Harmonic Imaging in Echocardiography

ABSTRACT & COMMENTARY

Synopsis: Native tissue harmonic imaging significantly improves echocardiographic wall motion analysis at rest.

Source: Kornbluth M, et al. J Soc Echocardiogr 1998; 11:693-701.

Harmonic imaging techniques were developed to augment the ultrasound differentiation of contrast bubbles from tissue. However, the ultrasound scanner can be tuned to selectively receive harmonic frequencies from tissue and since harmonic echocardiograms are stronger than fundamental echocardiograms, endocardial border detection should be improved. To test this hypothesis, Kornbluth and colleagues from Stanford University evaluated 60 consecutive patients by both echocardiographic techniques. Wall segment visualization was improved in 64% of segments, with 26% improving from poor to excellent. Of those rated poor, 70% improved to good or excellent. Most of the improvement involved the anterior and lateral walls in the apical views. Wall motion scoring was changed in 16% of segments by harmonic imaging. Kornbluth et al conclude that native tissue harmonic imaging significantly improves echocardiographic wall motion analysis at rest.

COMMENT BY MICHAEL H. CRAWFORD, MD

Although this study used the Acuson Sequoia C256 system, most ultrasound manufacturers now offer this option. A new ultrasound machine with this feature costs about $300,000, and, if your old machine is suitable, an upgrade to harmonic imaging costs about $100,000. Thus, many echocardiography laboratory employees are wondering if it is worth the investment. Now that new intravenous contrast agents are available that can opacify the left heart, contrast echocardiography is another rationale for this equipment upgrade. Cavity contrast echocardiography is also useful for helping to define the endocardial border. Perhaps with native tissue harmonic imaging and cavity contrast, no patient will have a poor study for wall motion.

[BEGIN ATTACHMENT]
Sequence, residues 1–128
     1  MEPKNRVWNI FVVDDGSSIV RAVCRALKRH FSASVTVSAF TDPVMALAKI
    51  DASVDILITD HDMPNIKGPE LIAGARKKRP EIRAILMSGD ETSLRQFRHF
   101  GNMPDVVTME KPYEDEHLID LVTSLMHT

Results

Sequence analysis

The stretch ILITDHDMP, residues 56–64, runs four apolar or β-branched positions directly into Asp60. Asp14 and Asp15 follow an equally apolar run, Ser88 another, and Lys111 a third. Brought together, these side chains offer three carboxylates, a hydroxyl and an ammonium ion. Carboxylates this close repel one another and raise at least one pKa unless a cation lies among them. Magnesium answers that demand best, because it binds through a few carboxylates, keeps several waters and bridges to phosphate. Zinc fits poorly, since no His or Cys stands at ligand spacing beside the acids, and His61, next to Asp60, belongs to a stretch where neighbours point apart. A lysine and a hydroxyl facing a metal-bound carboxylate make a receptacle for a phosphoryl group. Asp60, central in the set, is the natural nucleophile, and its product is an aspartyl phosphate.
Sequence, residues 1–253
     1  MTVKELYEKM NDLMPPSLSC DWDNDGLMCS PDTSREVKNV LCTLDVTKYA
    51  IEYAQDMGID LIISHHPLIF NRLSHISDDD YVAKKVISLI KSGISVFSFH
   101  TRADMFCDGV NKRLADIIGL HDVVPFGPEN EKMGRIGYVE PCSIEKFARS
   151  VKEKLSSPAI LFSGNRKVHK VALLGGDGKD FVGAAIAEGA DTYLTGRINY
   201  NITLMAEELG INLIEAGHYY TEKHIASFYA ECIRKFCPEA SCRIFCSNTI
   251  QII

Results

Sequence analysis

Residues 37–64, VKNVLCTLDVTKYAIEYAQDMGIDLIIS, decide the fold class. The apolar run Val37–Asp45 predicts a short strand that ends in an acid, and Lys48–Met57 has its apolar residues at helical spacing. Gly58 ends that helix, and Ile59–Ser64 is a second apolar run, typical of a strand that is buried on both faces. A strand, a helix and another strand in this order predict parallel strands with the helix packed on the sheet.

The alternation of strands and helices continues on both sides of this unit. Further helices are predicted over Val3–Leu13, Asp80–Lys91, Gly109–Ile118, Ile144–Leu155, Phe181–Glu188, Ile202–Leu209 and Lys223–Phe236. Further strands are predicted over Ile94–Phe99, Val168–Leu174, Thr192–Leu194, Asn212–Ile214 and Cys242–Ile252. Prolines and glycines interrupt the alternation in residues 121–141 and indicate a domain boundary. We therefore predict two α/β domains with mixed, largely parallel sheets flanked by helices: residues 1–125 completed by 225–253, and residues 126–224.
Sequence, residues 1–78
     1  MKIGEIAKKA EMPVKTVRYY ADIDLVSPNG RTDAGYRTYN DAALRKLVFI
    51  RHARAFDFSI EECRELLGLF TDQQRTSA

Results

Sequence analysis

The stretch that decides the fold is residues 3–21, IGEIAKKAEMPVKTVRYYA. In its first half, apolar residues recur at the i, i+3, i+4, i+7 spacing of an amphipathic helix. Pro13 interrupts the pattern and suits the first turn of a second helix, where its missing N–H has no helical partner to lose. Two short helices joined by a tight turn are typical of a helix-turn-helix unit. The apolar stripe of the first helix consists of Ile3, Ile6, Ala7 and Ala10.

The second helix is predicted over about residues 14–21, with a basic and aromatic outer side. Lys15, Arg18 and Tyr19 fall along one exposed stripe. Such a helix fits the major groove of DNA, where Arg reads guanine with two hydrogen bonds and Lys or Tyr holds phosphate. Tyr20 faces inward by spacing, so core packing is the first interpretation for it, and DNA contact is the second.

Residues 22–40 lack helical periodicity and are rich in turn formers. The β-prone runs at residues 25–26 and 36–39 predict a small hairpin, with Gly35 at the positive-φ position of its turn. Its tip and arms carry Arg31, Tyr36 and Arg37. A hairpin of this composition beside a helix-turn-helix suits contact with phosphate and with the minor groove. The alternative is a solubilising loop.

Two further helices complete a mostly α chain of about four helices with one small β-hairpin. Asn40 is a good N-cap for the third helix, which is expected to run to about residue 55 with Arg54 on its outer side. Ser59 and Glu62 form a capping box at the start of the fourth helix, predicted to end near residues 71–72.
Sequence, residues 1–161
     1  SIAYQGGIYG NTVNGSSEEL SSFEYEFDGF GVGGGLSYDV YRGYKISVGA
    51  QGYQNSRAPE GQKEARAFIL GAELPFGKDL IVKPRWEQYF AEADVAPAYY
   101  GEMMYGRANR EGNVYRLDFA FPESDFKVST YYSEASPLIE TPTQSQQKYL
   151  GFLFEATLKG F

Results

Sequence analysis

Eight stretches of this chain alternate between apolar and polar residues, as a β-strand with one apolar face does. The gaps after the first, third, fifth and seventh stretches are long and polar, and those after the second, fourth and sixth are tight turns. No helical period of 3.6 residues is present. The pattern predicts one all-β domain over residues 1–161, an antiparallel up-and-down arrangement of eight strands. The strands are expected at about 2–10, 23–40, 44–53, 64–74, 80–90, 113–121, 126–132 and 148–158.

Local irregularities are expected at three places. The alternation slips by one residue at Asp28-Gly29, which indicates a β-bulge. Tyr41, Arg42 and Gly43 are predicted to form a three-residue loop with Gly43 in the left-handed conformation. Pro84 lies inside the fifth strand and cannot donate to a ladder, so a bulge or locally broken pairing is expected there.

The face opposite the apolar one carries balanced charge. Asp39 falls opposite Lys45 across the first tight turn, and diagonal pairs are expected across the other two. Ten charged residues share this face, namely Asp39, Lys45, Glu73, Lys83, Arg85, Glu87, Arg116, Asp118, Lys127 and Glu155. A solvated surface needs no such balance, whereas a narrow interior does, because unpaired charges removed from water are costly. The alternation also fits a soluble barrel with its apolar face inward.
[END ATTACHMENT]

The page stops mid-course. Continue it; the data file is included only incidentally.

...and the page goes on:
The real test for both these technologies and the new equipment that is required will be exercised echocardiography. The anterior and lateral walls in the apical views are particularly difficult with exercise echocardiography. Thus, tissue harmonic imaging holds great promise for better stress echocardiograms without the need for intravenous access.

The major limitation of this study was that the readers were not blinded to the imaging modality and may have been biased toward the new technique. Of interest, inter-observer differences in the scoring of wall motion with harmonic imaging were 10%, which is close to the difference in scoring results of 16% going from fundamental to harmonic imaging. Kornbluth et al did not report whether inter-observer differences were lessened with harmonic imaging. However, one would expect better imaging to reduce disagreements in scoring wall segments.

Our own limited experience with harmonic tissue imaging with exercise echocardiography suggests that there are still difficult patients who are hard to image immediately after treadmill exercise. The results of this study also suggest that not all patients' images are improved. Clearly, if you are contemplating a new purchase, this option is probably worth the extra cost. Upgrading to this technology is a more difficult decision, which may depend on your experience with this technology. Request a demonstration in your facility with your patients.